Wisconsin State Journal - March 21, 2011
More people to be charged with child abuse for alleged Biblical punishment methods
by SANDY CULLEN
Six more members of a Black Earth church are expected to face child abuse charges in what experts say is a rare — and legally indefensible — case of claiming the Bible dictates using a rod to punish children as young as 2 months.
"I think these are deviant people, not deviant beliefs," said law professor Michael Broyde, who is academic director of the Law and Religion Program and a project director at the Center for the Study of Law and Religion at Emory University in Atlanta.
"It's an exceptionally rare view of the Bible that permits activity that would otherwise be considered abuse," said Broyde, who is also a rabbi.
"As I understand the Biblical text," he said, "there is no right in the Bible to commit child abuse."
People cannot defend themselves from a criminal charge "by saying my religion made me do it," Broyde said, adding, "The law ignores your religious motivation."
Last week, Philip Caminiti, 53, head pastor and elder at Aleitheia Bible Church, and his brother, John Caminiti, 45, both of Black Earth, were charged with a total of 12 counts of child abuse. According to a criminal complaint, they admitted using rods and dowels to hit the backsides of children in their family and other church families.
Both appeared in court Monday and were released on signature bonds with instructions from Court Commissioner Todd Meurer not to inflict corporal punishment on any child and not to discuss the case with other people who will be charged, along with child witnesses and victims.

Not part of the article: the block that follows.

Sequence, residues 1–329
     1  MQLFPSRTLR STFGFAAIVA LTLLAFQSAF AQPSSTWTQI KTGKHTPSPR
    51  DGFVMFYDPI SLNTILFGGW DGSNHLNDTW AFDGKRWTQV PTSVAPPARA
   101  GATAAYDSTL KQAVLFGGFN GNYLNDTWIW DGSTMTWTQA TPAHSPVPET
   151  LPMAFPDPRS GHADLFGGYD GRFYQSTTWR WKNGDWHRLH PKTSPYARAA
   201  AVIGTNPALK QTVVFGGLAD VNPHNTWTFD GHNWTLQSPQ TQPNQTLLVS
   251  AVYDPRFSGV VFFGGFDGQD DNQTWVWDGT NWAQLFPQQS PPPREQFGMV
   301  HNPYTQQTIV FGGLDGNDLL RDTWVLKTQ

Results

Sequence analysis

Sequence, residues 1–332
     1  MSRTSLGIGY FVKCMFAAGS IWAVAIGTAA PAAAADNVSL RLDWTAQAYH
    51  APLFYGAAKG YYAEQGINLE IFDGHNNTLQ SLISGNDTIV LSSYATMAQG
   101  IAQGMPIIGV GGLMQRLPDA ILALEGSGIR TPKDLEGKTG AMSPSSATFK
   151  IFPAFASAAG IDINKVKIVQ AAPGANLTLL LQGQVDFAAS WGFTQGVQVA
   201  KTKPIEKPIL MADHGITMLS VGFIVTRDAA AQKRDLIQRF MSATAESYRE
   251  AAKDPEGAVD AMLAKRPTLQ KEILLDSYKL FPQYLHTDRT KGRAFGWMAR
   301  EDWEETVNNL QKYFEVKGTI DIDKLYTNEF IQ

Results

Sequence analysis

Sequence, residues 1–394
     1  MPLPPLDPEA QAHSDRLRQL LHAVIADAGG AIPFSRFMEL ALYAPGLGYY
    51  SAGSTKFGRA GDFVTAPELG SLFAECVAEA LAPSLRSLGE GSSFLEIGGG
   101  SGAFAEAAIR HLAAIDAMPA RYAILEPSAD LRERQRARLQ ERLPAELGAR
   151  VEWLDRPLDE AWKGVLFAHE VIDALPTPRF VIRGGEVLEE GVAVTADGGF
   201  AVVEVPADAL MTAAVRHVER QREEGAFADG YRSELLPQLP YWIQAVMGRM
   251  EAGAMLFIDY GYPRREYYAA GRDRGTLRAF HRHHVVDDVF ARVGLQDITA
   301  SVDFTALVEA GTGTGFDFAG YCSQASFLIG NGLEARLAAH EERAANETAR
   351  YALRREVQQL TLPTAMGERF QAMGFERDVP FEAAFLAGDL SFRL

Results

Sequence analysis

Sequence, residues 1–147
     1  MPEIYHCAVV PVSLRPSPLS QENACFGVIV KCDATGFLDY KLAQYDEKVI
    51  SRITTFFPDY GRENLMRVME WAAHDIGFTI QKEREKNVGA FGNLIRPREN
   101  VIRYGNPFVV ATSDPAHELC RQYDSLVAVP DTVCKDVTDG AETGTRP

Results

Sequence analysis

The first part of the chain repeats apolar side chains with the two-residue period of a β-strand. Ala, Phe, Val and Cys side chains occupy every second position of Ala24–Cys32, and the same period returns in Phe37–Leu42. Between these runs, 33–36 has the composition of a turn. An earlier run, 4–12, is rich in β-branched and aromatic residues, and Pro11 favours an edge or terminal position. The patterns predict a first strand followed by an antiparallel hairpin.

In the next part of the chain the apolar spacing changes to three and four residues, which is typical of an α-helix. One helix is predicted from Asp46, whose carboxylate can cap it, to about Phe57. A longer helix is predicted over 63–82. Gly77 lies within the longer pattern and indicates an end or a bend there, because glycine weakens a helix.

On Friday, subpoenas were sent to three couples who are church members to appear Thursday in Dane County Circuit Court on charges of being a party to intentional child abuse of their children, causing bodily harm, said Dane County Sheriff's Office spokeswoman Elise Schaffer.
They are: Andrea L. Wick, 26, and Timothy J. Wick, 27, of Mazomanie; and Alina N. Caminiti, 24, Matthew B. Caminiti, 27, Maria J. Stephenson, 29, and Timothy D. Stephenson, 28, all of Black Earth.
The Sheriff's Office began investigating in November after former church members expressed concerns about the mistreatment of children, Schaffer said.
The victims are 12 children, ranging in age from infants to age 6, she said. Their parents described redness and bruising as common results of the spankings.
Schaffer said church members were open about their "spare the rod, spoil the child philosophy" and described using wooden dowels and wooden spoons on the bare skin of children as young as 2 months. The dowels were 12 inches to 18 inches long and the diameter of a quarter.
Church members said Philip Caminiti instructed parents on how to use rods for spankings, Schaffer said. One person described children being grumpy, emotional or crying as behaviors that warranted a spanking with a dowel.
Schaffer said the church was formed in 2006 when some members of the Curtiss Street Bible Fellowship broke away to start their own congregation.
She said the new church was started with a donation of between $500,000 and $600,000 from Bob and Lori Wick of Mazomanie.
Lori Wick declined comment Monday, saying attorneys have advised them not to discuss the case.
While experts say there is no clear threshold that differentiates discipline from abuse, Schaffer said Wisconsin law considers child abuse to be anything excessive or beyond reasonable discipline.
Sociology professor Murray Straus, co-director of the Family Research Laboratory at the University of New Hampshire and an expert on the effects of spanking, said that in addition to immediate physical harm, corporal punishment can lead to long-term psychological problems.
"The more spanking, the greater the probability of a child being depressed as an adult," Straus said, adding that children who are spanked also are more likely to be delinquent and to get in trouble.
Straus said he considers using wooden rods to discipline youngsters to be both child abuse and a violation of children's rights to be brought up without violence.
State Journal reporter Ed Treleven contributed to this story.
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